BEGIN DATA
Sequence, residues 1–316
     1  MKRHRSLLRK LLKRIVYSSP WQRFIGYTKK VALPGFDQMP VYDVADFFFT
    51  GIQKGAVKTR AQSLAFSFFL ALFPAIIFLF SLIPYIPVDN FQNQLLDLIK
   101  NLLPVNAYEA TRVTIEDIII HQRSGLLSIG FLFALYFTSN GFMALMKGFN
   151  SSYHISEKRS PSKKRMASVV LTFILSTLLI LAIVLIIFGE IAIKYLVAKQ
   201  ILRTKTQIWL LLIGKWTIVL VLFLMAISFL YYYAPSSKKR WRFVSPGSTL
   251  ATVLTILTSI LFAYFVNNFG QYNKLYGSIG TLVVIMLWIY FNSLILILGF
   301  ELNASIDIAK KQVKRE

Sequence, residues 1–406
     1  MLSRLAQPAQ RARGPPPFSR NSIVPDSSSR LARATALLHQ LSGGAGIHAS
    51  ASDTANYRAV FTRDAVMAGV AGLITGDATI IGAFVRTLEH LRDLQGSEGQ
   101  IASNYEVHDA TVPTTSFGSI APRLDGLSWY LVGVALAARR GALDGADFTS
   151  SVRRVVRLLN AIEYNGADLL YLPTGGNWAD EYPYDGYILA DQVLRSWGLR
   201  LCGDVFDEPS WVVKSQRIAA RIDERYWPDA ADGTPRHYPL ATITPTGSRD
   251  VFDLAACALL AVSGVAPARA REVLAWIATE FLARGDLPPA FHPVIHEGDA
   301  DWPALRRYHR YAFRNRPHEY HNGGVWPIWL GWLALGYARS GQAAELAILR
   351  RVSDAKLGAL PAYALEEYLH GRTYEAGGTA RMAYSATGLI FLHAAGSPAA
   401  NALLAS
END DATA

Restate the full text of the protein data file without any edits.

Sequence, residues 1–316
     1  MKRHRSLLRK LLKRIVYSSP WQRFIGYTKK VALPGFDQMP VYDVADFFFT
    51  GIQKGAVKTR AQSLAFSFFL ALFPAIIFLF SLIPYIPVDN FQNQLLDLIK
   101  NLLPVNAYEA TRVTIEDIII HQRSGLLSIG FLFALYFTSN GFMALMKGFN
   151  SSYHISEKRS PSKKRMASVV LTFILSTLLI LAIVLIIFGE IAIKYLVAKQ
   201  ILRTKTQIWL LLIGKWTIVL VLFLMAISFL YYYAPSSKKR WRFVSPGSTL
   251  ATVLTILTSI LFAYFVNNFG QYNKLYGSIG TLVVIMLWIY FNSLILILGF
   301  ELNASIDIAK KQVKRE

Sequence, residues 1–406
     1  MLSRLAQPAQ RARGPPPFSR NSIVPDSSSR LARATALLHQ LSGGAGIHAS
    51  ASDTANYRAV FTRDAVMAGV AGLITGDATI IGAFVRTLEH LRDLQGSEGQ
   101  IASNYEVHDA TVPTTSFGSI APRLDGLSWY LVGVALAARR GALDGADFTS
   151  SVRRVVRLLN AIEYNGADLL YLPTGGNWAD EYPYDGYILA DQVLRSWGLR
   201  LCGDVFDEPS WVVKSQRIAA RIDERYWPDA ADGTPRHYPL ATITPTGSRD
   251  VFDLAACALL AVSGVAPARA REVLAWIATE FLARGDLPPA FHPVIHEGDA
   301  DWPALRRYHR YAFRNRPHEY HNGGVWPIWL GWLALGYARS GQAAELAILR
   351  RVSDAKLGAL PAYALEEYLH GRTYEAGGTA RMAYSATGLI FLHAAGSPAA
   401  NALLAS